Lyndhurst, Ohio, OKs $38K to Improve Court Safety

New safe, one-way glass door, improved locks approved, metal detectors referred to committee


Lyndhurst - Municipal Court Judge Mary Kaye Bozza fears for the her safety and that of her staff.

Bozza has complained to City Council that the court has no metal detectors and not enough people to properly search visitors. She said holding cells near her chambers force her to listen to profanity from prisoners.

While declining to discuss court security this week, she presented council last week with a request for 13 improvements, including metal detectors.

She noted that even Brush High School library has metal detectors.

On Monday, council approved more than $38,000 in improvements, including a one-way glass door in the probation office, improved locks for the prosecutor's office and a new safe for next year.

But council referred other improvements, including metal detectors, to committee.

The Ohio Supreme Court, which sets guidelines for court security, recommends metal detectors and reports that fewer than 30 of 400 municipal courts in the state don't have them.

The Lyndhurst court handles traffic and misdemeanor criminal cases for Gates Mills, Highland Heights, Lyndhurst, Mayfield Heights, Mayfield and Richmond Heights.

During her council appearance, Bozza directed her questions about metal detectors at Councilman Marty Puin, who chairs the safety committee, and Councilman Scott Picker. Both council members said they have supported court improvements, but didn't receive any formal requests for money until last week.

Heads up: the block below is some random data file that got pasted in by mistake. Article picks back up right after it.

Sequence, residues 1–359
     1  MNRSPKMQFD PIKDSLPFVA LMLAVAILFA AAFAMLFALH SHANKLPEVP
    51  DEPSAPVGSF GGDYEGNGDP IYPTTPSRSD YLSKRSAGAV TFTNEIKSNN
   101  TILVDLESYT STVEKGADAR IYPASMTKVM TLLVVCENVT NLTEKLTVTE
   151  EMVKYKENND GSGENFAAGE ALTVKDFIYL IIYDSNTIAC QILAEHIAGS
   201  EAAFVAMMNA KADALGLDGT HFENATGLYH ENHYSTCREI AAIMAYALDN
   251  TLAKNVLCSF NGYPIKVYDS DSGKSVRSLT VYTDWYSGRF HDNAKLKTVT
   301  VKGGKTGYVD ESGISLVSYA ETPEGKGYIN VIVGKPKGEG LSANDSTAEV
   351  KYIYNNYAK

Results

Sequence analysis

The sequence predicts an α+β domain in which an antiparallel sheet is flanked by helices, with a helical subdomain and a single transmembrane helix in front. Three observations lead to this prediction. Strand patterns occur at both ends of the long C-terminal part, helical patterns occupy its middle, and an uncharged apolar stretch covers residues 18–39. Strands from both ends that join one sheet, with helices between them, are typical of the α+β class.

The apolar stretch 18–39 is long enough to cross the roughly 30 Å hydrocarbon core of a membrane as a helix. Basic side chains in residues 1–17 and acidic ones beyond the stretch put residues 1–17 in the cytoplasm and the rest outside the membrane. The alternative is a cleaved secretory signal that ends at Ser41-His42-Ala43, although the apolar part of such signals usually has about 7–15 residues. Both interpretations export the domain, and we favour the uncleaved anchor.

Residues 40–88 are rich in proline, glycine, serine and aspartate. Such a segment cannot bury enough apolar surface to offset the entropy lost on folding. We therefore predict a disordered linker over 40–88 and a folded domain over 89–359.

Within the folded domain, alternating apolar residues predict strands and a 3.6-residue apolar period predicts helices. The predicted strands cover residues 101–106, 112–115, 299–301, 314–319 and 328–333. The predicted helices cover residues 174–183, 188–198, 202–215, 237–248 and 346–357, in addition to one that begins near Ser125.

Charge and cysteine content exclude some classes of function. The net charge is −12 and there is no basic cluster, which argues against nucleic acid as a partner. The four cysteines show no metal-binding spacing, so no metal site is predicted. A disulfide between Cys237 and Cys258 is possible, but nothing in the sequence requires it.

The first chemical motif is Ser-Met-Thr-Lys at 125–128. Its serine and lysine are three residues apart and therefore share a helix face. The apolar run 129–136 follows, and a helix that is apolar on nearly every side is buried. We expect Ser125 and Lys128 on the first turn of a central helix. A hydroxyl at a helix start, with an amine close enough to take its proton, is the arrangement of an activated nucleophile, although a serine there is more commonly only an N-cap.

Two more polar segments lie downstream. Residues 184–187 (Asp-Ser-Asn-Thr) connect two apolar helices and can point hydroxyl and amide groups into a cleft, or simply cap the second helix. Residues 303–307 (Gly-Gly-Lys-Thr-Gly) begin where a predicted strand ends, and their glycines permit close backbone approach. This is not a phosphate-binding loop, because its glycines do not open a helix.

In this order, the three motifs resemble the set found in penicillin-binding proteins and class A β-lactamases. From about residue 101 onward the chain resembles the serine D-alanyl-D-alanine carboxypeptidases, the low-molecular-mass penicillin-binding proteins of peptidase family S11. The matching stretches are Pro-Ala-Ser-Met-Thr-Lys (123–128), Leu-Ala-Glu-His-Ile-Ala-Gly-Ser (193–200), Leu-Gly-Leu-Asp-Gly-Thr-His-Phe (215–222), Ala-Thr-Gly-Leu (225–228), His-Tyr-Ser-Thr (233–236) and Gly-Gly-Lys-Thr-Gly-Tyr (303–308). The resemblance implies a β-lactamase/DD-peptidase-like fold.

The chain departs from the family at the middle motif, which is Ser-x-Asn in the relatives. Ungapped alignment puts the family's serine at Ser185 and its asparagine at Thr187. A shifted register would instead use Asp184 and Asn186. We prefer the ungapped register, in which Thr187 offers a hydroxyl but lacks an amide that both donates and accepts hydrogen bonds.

"Why these improvements have not been done is a question the judge needs to ask the mayor and finance director," said Puin.

On Tuesday, Finance Director Mary Kovalchik said metal detectors and video equipment are among improvements the city will consider next year.

In April, the Ohio Supreme Court's office of court security checked the Lyndhurst court. Sam Cicchino, who manages the office, said he could not share the results of the visit because it would compromise court security.

Cicchino said the state doesn't mandate metal detectors or other security measures.

"Ours are strictly guidelines," he said. "If we made that requirement we'd have to fund it. That wouldn't be fair because some counties can't afford it."

To reach this Plain Dealer reporter: tflournoy@plaind.com, 216-999-4961



News stories provided by third parties are not edited by "Site Publication" staff. For suggestions and comments, please click the Contact link at the bottom of this page.